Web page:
[imagesource: Hiroyuki Ito/Getty Images]
Last night, President Ramaphosa announced that places of worship could reopen from 1 June, when alert level 3 kicks in, with gatherings limited to 50 people or fewer.
Quite how that will be policed is unsure (is the place of worship going to turn away the 51st person?), but there are strict physical distancing and sanitising protocols that must be followed.
Having given up so many freedoms for the past 62 days, it seems unreal that just as infections around the country continue to rise, gatherings of up to 50 people will now be allowed.
We can’t visit a friend or family member, which I’m OK with because we’re fighting a deadly pandemic, but we can gather with 49 other strangers in an enclosed space to worship?
Don’t forget that certain religious leaders in this country have talked about healing the coronavirus through prayer, and other staggeringly dangerous claims, but I guess the religious sector applied sufficient pressure on Ramaphosa to win out in the end.
Perhaps the tobacco industry can get some tips.
Whilst celebrating the decision, the African Christian Democratic Party’s [ACDP’s] reverend Kenneth Meshoe said the online services over the past two months had not hit the sweet spot, and people needed to see “the warm smiles” of their congregation.
Umm, people will be wearing masks, remember? Then again, perhaps the collection plate is tougher to pass around online, and churches need that hard-earned money from their congregation.
All of that aside, the dangers posed by these gatherings is obvious. The Western Cape’s spike in cases has been linked to two ‘super spreader events’, and an outbreak in the Eastern Cape was traced to a single funeral.
With religious gatherings likely to feature singing and praise, there has been plenty of talk about a super spreader event that occurred in Mount Vernon, Seattle, back in March.
Details below via the Seattle Times:
Disease trackers are calling a choir practice in Mount Vernon, Skagit County, a superspreader event that illustrates how easily the coronavirus that causes COVID-19 can pass from person to person.
The act of singing itself may have spread the virus in the air and onto surfaces, according to a report published Tuesday by Skagit County Public Health.
“One individual present felt ill, not knowing what they had, and ended up infecting 52 other people,” said lead author Lea Hamner, calling the outbreak a tragedy…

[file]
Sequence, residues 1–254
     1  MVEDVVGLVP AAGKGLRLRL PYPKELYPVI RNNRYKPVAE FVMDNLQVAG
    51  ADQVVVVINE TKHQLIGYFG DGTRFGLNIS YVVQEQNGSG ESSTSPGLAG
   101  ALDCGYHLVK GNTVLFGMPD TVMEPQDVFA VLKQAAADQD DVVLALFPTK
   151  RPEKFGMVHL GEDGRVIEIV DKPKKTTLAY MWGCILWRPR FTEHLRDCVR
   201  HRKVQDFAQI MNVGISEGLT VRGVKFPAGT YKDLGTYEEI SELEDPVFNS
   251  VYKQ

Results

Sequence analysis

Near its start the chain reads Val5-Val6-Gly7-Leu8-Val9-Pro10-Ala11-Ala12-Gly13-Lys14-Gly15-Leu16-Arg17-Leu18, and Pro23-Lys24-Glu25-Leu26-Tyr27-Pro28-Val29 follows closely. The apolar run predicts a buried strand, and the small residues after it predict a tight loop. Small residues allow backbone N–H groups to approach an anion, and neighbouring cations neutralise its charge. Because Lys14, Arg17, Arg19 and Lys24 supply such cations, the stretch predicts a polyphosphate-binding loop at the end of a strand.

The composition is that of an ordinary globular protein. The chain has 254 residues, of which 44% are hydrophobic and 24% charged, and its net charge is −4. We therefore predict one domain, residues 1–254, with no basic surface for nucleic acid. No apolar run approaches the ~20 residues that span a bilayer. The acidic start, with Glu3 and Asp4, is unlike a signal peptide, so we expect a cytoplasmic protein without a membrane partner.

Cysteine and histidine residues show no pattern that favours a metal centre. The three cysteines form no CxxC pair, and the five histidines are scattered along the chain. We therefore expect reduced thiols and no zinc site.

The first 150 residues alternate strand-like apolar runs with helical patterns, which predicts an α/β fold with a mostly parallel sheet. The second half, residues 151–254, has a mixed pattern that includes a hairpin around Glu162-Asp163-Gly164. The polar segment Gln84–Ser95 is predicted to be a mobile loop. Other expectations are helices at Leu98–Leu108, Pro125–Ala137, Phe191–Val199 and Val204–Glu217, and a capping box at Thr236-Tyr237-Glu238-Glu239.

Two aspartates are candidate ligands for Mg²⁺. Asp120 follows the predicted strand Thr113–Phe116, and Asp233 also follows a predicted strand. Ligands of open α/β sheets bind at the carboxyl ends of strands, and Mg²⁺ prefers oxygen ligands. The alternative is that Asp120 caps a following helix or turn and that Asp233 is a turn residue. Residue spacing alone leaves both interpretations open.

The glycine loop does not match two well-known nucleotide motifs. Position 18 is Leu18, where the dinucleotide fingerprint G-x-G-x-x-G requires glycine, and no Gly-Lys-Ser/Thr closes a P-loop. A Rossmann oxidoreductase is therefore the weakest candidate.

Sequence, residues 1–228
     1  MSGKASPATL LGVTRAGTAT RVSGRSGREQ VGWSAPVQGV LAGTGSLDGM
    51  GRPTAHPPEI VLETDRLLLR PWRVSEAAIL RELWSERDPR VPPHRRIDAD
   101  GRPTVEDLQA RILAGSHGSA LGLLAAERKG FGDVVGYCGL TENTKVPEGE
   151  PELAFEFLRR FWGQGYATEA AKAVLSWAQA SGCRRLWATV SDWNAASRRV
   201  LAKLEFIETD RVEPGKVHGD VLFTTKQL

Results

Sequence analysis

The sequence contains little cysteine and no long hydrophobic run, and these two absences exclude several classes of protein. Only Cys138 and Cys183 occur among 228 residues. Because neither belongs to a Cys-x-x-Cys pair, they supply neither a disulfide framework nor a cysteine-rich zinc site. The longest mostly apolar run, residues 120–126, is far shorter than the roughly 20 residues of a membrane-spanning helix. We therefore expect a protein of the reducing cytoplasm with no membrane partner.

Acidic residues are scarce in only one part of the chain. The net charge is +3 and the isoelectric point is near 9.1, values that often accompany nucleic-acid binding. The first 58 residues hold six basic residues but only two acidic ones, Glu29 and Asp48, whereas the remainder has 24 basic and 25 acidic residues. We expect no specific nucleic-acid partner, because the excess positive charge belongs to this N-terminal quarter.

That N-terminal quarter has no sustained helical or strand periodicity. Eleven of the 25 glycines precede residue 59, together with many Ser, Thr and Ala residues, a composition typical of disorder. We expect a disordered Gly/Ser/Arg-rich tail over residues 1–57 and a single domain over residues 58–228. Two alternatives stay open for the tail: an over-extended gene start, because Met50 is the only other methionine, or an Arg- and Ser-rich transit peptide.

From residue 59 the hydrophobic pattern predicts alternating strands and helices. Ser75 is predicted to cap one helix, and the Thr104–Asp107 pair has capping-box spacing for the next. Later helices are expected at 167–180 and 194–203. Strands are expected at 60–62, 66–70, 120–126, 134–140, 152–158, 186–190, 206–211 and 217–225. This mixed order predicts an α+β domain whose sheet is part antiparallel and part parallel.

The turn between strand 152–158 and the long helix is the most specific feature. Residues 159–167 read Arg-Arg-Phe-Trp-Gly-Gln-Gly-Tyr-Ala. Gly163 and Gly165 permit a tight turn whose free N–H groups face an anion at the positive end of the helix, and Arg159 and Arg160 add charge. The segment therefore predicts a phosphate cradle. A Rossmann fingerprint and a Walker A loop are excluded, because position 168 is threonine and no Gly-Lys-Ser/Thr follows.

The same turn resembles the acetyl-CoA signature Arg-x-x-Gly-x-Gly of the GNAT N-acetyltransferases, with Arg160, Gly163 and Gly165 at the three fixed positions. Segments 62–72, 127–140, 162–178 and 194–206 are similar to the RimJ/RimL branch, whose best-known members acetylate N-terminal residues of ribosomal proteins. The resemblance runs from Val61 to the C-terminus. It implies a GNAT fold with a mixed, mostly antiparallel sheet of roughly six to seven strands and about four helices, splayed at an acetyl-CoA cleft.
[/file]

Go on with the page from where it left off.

A fine mist of virus particles emitted during singing could have contributed, the report suggests. Some people emit more particles than others and such emissions can happen with loud talking or, possibly, singing.
Of the 61 people attending the event, 53 fell ill, which is an 87% infection rate. Yes, people were not wearing masks, and the safety measures required in South Africa are far more stringent, but it seems absurd that as hospitals like Tygerberg see their intensive care unit full, we’re taking these risks.
You can read more on that choir event outbreak here.
Let’s not forget that in South Korea, one 61-year-old woman is believed to be responsible for a cluster outbreak that led to 5 080 infections, due in part to attending a church service.
In a country where pastors have said they can resurrect the dead, cure HIV / AIDS, and other farcical claims, we’re supposed to trust that religious gatherings will be carried out responsibly?
You’re not the only one thinking about starting your own religion…
Many South Africans are already flouting lockdown regulations, and that will only increase from June 1 when some restrictions are eased and others lifted altogether.
In a month from now, when we look at an escalating death toll and try to pinpoint where we lost all the ground we gained during more than two months of one of the world’s strictest lockdowns, we may well come to rue the decision to allow religious gatherings.
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